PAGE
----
If I'm looking at all these different kinds of digitalization, like 5G, connected cars, autonomous driving, smart city, and IoT, the amount of data processed and stored will increase substantially and therefore the need for new data centers. So I think for the next five to 10 years we will see another big growth in the data center arena. 

dot: Is there a need for small and medium-sized regional data centers to take a new strategic approach in order to remain successful and build their business cases? 

A lot of these medium-sized enterprises don't know how to digitalize their business. They will be eaten up if they don't.

Dr. Waldhauser: As long as these regional data centers focus on regional enterprises, I think they will be successful. But in addition to pure colocation, they need to offer additional services. And that's a reason I mentioned earlier noris network in Nuremberg, because they're providing a much broader scale of services to their customers. I think that the prime example of these – I would not call them data center providers, more managed service providers – is to help the medium-sized enterprises or small enterprises in the regions on their way to digitalize their business. Because that's where we are lacking, not only in Germany but in Europe. A lot of these medium-sized enterprises don't know how to digitalize their business. They will be eaten up if they don't do this, because digitalization is very disruptive. So you need to be very fast. And these businesses, these suppliers, can support the small and medium enterprises.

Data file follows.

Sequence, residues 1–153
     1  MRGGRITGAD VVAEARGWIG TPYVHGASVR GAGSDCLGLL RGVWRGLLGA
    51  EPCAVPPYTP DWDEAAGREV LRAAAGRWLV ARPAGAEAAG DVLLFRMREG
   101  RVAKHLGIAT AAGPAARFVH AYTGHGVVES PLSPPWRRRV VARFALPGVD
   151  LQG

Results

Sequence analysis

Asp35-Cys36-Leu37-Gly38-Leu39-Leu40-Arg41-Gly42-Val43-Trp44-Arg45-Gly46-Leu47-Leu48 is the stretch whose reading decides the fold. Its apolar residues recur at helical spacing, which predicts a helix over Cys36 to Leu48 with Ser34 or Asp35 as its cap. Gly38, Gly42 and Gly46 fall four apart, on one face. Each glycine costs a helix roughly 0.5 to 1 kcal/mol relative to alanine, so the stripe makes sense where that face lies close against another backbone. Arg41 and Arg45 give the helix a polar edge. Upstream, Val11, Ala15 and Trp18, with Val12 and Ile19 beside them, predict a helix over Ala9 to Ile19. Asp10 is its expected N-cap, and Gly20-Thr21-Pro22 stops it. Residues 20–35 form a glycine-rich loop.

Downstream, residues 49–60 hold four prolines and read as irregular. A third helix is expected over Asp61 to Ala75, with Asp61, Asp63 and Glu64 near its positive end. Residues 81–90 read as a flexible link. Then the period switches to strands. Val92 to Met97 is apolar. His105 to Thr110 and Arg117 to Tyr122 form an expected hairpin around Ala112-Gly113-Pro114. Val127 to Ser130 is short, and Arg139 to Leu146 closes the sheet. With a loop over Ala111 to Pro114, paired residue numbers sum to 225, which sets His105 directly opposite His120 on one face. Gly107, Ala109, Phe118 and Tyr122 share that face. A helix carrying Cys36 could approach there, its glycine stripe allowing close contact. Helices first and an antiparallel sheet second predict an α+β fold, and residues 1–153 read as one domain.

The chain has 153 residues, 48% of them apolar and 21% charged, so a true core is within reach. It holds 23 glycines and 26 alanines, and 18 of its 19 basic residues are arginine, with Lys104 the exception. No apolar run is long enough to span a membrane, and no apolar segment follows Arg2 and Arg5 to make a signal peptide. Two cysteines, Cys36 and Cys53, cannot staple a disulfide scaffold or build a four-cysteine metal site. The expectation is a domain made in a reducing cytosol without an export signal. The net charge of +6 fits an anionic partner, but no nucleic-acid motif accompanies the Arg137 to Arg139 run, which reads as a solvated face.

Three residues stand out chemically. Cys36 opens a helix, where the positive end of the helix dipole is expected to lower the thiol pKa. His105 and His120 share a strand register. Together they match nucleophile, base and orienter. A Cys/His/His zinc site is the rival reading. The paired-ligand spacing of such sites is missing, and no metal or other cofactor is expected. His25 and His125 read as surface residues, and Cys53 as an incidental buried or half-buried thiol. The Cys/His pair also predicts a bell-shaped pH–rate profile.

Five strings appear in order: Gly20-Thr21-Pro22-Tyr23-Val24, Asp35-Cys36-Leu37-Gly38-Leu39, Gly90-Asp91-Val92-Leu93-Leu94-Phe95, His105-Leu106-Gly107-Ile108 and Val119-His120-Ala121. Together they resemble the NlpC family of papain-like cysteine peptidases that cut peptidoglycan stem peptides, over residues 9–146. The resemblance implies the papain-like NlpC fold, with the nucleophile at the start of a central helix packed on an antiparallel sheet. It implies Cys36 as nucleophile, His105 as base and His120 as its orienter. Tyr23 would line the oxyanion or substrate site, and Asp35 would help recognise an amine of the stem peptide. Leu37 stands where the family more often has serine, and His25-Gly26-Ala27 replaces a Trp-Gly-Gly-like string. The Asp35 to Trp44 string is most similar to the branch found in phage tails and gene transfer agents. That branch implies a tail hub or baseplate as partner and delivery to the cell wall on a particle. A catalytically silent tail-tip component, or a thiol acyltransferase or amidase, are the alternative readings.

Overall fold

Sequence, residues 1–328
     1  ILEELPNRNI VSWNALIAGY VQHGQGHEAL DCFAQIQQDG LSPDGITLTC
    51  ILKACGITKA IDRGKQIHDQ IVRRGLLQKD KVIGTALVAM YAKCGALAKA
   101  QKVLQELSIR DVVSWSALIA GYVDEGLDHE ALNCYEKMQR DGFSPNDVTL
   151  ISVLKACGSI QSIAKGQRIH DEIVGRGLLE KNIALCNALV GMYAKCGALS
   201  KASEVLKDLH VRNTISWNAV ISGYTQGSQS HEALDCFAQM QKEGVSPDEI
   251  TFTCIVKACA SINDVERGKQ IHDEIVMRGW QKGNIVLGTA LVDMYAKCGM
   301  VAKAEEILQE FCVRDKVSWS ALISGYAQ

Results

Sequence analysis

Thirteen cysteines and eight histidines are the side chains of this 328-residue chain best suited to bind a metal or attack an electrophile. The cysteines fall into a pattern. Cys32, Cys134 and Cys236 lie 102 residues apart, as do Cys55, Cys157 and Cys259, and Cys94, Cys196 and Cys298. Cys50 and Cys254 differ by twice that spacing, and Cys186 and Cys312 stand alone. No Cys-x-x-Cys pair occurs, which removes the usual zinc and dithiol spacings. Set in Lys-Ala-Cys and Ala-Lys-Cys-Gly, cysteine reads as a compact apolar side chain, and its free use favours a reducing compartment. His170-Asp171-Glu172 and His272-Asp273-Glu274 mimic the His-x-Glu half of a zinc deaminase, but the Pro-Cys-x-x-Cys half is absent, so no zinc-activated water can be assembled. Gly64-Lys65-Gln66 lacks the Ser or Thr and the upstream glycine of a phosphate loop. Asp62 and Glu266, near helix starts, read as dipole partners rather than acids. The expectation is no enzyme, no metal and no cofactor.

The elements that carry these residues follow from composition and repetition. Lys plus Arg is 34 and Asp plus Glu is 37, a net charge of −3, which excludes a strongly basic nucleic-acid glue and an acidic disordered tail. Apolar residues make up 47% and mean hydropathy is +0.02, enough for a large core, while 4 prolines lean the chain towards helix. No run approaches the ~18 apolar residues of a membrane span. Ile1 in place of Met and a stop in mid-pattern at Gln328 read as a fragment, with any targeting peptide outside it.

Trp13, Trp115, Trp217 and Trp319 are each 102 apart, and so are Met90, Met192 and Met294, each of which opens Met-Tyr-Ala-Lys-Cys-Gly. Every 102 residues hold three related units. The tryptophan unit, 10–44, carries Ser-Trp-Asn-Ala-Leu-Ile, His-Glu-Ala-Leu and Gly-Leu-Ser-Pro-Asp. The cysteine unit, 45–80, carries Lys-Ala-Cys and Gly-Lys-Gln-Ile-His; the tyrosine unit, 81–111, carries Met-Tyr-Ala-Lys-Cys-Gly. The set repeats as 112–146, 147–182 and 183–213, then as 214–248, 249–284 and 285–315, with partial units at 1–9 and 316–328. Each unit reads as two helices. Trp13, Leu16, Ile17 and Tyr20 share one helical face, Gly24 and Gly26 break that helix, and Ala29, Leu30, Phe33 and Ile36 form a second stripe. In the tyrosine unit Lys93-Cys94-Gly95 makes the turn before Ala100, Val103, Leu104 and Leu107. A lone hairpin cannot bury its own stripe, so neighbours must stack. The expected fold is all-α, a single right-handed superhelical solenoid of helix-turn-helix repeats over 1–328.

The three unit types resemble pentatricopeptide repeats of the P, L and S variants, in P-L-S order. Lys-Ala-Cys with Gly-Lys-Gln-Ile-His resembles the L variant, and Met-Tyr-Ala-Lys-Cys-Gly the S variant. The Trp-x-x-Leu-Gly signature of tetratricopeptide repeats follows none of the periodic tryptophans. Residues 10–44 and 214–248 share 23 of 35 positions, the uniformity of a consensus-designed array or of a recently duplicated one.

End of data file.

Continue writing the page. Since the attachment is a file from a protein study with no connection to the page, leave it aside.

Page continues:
Theoretical physicist Dr. Béla Waldhauser is Chief Executive Officer of Telehouse Deutschland GmbH and KDDI Deutschland GmbH. Previously he was responsible for the German operations of Global Switch, and prior to that TeleCity. Before this, he was Managing Director for Germany and Austria for Teleglobe. For several years, he has been Leader of the eco Competence Group "Data Center Infrastructure" and since 2011 Member of the Jury for the "German Data Center Prize" in conjunction with the annual "Future Thinking" congress. In 2014 he was invited by the German Federal Ministry of Education and Research, as an expert and as a member of the eco Association, to actively participate in establishing the new strategy platform for “ITC in Horizon 2020”. Dr. Waldhauser is also Spokesperson of the Alliance to Strengthen Digital Infrastructures in Germany, set up in early 2018 under the umbrella of eco to support Germany's development as a digital location.